Standing watch above the mountainous terrain in the Pacific Northwest, forestry technician Michelle Ward spends months at a time isolated from civilization, keeping an eye out for the first signs of a wildfire.
"For three and a half months a year, I live and work in the same tower and look out for fire and smoke," Ward told FOX Weather’s Nick Kosir.
In the day of satellites and other high-tech fire detection methods, the Forest Service and other organizations rely on what is known as fire lookouts to monitor the vast, rural lands in the West for the signs of wildfires.
"We know if there is high fire danger through a report every morning on the radio. And then anytime weather comes through, we are really looking out for lightning and recording down strikes," Ward told FOX Weather’s Marissa Torres.
Ward said some lightning strikes can smolder upwards of ten days, so her and her colleagues always keep track of the strikes in case smoke rises.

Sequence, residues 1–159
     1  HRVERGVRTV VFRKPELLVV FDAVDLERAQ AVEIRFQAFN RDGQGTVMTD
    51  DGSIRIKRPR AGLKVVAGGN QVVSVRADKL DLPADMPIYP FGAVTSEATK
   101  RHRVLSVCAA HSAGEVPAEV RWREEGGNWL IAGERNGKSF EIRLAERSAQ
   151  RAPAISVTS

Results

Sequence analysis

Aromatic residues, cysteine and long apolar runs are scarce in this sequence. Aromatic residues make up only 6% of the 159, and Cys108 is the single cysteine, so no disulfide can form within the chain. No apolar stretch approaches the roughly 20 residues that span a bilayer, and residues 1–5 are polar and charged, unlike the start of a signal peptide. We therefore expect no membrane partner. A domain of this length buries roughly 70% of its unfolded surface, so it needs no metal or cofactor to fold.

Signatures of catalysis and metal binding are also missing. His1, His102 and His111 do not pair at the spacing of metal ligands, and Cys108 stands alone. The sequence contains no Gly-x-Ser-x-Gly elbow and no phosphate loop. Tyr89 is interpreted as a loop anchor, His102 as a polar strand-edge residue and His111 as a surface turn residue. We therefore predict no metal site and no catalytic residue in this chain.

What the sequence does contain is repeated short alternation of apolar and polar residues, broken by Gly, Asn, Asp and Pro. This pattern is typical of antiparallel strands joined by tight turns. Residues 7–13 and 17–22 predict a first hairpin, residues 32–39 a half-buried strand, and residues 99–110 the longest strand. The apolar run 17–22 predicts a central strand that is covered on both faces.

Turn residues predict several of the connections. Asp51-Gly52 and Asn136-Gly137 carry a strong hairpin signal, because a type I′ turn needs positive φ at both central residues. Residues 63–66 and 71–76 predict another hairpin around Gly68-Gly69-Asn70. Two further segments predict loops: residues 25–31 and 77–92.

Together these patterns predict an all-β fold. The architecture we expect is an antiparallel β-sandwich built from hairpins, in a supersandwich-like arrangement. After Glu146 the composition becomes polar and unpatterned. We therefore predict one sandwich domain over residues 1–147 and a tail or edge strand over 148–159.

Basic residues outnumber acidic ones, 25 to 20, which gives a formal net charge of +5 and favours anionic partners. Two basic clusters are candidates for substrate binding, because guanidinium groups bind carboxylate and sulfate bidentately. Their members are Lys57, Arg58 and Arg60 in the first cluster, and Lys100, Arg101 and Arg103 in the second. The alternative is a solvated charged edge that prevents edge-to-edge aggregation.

With binoculars, she constantly scans the skies both day and night, looking for the first signs of a wildfire.
"We use a really old tool called an Osborne Fire Finder. It’s basically a map on a rotating disk, and we spot the fire in the crosshair and take down the degree," Ward said.
Once smoke is spotted, lookouts will try to triangulate the location of the fire and relay the information to dispatch.
Ward admits that during low fire activity, the job can be quiet, but she says she keeps busy with hikes, yoga, and taking care of her pets.
Each year, nearly 63,000 wildfires burn more than 7 million acres, most of which are located in the West.
A recent congressional report stated around 88 percent of these wildfires were human-caused.